Supreme Court Cases

Learning Outcomes

  • Summarize key Supreme Court cases regarding discrimination

As we saw with the passage of the Civil Rights Act of 1991, “justice”—at whatever level—is not always blind (or fair) and we may be entering another phase of regressive judicial activism with the recent appointments of conservatives Neil Gorsuch and Brett Kavanaugh to the bench. However, the Court has also contributed to diversity and preventing discrimination and, equally importantly, clarifying what is permissable under the law. Here are a few key descrimination decisions drawn from the EEOC’s list of Selected Supreme Court Decisions.

Phillips v. Marin Marietta Corp. (1971)

Photo of the Supreme Court Building. It has a Roman style, with large white columns and sculptures of people in the Tympanum. The Frieze has the words "Equal Justice Under Law" on it.

The Supreme Court holds that Title VII’s prohibition against sex discrimination means that employers cannot discriminate on the basis of sex plus other factors such as having school age children. In practical terms, EEOC’s policy forbids employers from using one hiring policy for women with small children and a different policy for males with children of a similar age.[1]

Griggs v. Duke Power Co. (1971)

The Supreme Court decides that where an employer uses a neutral policy or rule, or utilizes a neutral test, and this policy or test disproportionately affects minorities or women in an adverse manner, then the employer must justify the neutral rule or test by proving it is justified by business necessity. The Court reasons that Congress directed the thrust of Title VII to the consequences of employment practices, not simply the motivation. This decision paves the way for EEOC and charging parties to challenge employment practices that shut out groups if the employer cannot show the policy is justified by business necessity.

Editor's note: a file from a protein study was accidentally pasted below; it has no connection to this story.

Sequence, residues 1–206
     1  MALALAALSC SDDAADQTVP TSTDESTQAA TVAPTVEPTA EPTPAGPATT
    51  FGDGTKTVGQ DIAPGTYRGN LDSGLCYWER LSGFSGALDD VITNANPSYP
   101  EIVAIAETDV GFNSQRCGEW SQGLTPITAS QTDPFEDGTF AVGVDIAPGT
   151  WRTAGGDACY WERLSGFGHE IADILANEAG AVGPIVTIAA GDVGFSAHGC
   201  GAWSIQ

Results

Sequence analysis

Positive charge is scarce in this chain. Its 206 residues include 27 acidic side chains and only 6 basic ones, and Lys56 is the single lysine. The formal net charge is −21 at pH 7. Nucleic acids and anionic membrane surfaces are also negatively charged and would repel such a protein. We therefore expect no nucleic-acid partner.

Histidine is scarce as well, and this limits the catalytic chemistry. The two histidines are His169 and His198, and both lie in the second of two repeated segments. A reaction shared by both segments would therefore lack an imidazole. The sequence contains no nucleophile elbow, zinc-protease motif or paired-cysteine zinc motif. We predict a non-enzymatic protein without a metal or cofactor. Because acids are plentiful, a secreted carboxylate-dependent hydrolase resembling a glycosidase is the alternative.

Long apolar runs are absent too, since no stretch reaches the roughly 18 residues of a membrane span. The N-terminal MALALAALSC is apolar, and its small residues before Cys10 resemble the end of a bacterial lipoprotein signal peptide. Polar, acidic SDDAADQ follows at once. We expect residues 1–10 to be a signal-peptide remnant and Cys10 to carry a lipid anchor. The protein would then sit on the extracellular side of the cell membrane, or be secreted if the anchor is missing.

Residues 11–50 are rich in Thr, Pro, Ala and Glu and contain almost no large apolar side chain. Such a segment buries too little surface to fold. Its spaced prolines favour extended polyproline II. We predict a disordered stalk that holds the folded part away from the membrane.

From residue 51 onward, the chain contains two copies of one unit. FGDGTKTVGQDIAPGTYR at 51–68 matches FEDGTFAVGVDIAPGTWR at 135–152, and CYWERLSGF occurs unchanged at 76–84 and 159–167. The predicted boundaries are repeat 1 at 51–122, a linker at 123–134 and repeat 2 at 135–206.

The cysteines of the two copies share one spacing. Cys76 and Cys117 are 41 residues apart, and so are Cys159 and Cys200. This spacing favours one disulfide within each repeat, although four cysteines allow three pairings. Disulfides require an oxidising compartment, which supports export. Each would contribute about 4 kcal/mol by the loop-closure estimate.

Espinoza v. Farah Manufacturing Co. (1973)

The Supreme Court holds that non-citizens are entitled to Title VII protection and states that a citizenship requirement may violate Title VII if it has the purpose or effect of discriminating on the basis of national origin.

Alexander v. Gardener-Denver Co. (1974)

The Supreme Court rules that an employee who submits a discrimination claim to arbitration under a collective bargaining agreement is not precluded from suing his or her employer under Title VII. The court reasons that the right to be free of unlawful employment discrimination is a statutory right and cannot be bargained away by the union and employer.

UAW v. Johnson Controls (1991)

The Supreme Court addresses the issue of fetal hazards. In this case, the employer barred women of childbearing age from certain jobs due to potential harm that could occur to a fetus. The Court rules that the employer’s restriction against fertile women performing “dangerous jobs” constitutes sex discrimination under Title VII. The Court further rules that the employer’s fetal protection policy could be justified only if being able to bear children was a bona fide occupational qualification (BFOQ) for the job. The fact that the job posed risk to fertile women does not justify barring all fertile women from the position.

Oncale v. Sundowner Offshore Services (1998)

In a unanimous decision, the Supreme Court rules in that sex discrimination consisting of same-sex sexual harassment is actionable under Title VII. The Court reiterates that the plaintiff must prove that there was discrimination because of sex and that the harassment was severe.

PRactice Question


  1. "Selected Supreme Court Decisions." EEOC.gov. Accessed September 14, 2019.